Bringing "Edna" Back to Life: An Update from Savannah
The last time we heard from former National Trust staffer Giselle Rahn, she had just purchased her turn-of-the-20th-century home—lovingly named Edna after the former owner’s mother—in Savannah, Georgia.
We recently caught up with Rahn, who anticipates the renovation to be completed in March—just in time to serve as the venue of her and fiancé Matt Ball’s wedding reception in the fall. Keep reading to find out more about her historic home restoration.
Why did you choose to purchase an older home?
We bought an older home partially because of where we were living which was the historic district of Savannah. We thought the neighborhood was wonderful and also the kind of neighborhood that needs people to buy the houses there, rather that building new houses or doing infill, so our choices were limited partially. We wanted to make an impact, and my fiancé Matt really wanted to do something with his savings from being deployed. He wanted to make a difference, and I certainly had fantasies about fixing up a house, but I didn’t think I would be doing this before I was thirty.
How did you find your house?
We found it because we went driving up and down every block in the neighborhood we wanted to buy in. We went up and down every single block noting down the houses that were either abandoned or looked like nobody was living there or looked like someone might be living there but they certainly weren’t taking care of it, so maybe they’d be interested in selling it.
We started contacting homeowners, tracking down their phone numbers; on more than one occasion we dropped a note off at somebody’s house. One of those ended up being the house that we [bought]. It was Kier Ellison’s; he owned the property, and we found it and basically we were courting him for about four months to get him to sell it to us. He had failing health, his daughter was really helping him through the whole process; she is the one who convinced him to sell to us I think because she recognized that it was time for them to sell.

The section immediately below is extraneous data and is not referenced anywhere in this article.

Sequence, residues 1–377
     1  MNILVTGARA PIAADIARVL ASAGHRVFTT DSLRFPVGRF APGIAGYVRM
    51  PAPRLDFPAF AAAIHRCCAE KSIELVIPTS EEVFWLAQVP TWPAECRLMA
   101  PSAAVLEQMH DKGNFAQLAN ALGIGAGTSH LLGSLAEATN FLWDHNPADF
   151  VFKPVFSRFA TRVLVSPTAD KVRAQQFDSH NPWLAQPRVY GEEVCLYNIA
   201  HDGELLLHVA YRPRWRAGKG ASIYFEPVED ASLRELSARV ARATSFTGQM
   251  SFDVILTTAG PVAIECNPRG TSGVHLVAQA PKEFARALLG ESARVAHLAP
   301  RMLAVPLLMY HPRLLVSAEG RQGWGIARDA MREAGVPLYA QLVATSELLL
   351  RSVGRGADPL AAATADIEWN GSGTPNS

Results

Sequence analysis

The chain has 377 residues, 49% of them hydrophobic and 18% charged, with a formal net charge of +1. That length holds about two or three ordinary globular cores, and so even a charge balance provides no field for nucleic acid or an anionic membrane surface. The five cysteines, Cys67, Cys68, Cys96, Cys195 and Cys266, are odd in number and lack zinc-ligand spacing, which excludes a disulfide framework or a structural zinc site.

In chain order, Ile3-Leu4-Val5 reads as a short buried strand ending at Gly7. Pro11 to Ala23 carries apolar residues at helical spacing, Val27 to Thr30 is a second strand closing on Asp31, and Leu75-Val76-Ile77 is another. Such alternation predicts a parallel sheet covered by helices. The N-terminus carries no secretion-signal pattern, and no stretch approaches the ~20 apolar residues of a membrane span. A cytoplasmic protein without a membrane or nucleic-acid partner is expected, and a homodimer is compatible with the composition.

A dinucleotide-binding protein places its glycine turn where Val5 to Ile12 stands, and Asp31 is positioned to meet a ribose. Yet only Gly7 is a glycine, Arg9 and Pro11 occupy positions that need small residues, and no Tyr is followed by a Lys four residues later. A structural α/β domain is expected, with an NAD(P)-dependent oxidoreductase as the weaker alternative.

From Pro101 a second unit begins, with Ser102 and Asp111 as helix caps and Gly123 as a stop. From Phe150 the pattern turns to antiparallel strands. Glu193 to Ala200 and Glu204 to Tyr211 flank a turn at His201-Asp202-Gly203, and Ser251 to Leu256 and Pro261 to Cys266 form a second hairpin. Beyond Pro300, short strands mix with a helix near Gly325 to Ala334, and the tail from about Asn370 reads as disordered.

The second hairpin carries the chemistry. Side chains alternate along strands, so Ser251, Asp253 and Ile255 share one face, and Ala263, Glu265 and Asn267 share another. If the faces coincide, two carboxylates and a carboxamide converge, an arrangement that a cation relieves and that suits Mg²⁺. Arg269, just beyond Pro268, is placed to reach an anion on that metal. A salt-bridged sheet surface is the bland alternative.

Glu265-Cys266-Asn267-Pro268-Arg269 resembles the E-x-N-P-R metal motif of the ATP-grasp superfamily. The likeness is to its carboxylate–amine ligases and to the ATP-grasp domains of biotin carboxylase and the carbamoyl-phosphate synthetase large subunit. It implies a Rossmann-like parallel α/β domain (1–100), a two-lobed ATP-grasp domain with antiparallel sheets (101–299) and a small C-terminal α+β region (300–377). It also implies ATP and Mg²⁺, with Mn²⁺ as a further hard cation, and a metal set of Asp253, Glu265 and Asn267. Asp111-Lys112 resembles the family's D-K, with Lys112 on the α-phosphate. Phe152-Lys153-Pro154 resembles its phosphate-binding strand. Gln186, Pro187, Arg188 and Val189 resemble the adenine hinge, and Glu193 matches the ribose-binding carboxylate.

They had been holding onto it for twenty years and nothing had happened to it, and [she also recognized] we were not there to flip it and make a profit, that we seemed to care about the community and we weren’t truly outsiders,even if we weren’t from Savannah. So I think putting in the personal time with the owners was one of the main reasons we were able to buy from the Ellisons.
What has been the biggest challenge restoring an older home?
The biggest challenge is the unknown. You can do all of the budgeting, both in money and time, that you want but if the house needs twenty more piers than you thought it needed upon inspection, then it needs twenty more piers. You can’t not put piers in.
We needed twenty more piers than we thought we needed; we even had a structural engineer come in and look at the place before we bought it and he said "Yup, looks pretty good, you should buy the house." We’re certainly glad we bought the house and if we’d known the structural needs we probably still would have bought the house. But it was a surprise, and once something in the project is delayed it just pushes everything out.
It’s a common joke but also its true in construction and restoration: "You need twice as long and twice as much money." It’s taking an informed leap of faith because you know it will work out eventually, but you don’t know exactly how it’s going to work out.
What elements of the house were you able to restore or preserve?
So this was a lot of fun, seeing how much we could restore. Our contractor calls himself an old-school guy, so much so that he blacks out rooms and then goes over the plaster with a black light to find cracks—he is meticulous to that level of detail. Having him as our adviser on what was worth preserving and what really needed to be replaced gave us a point of trust to start from.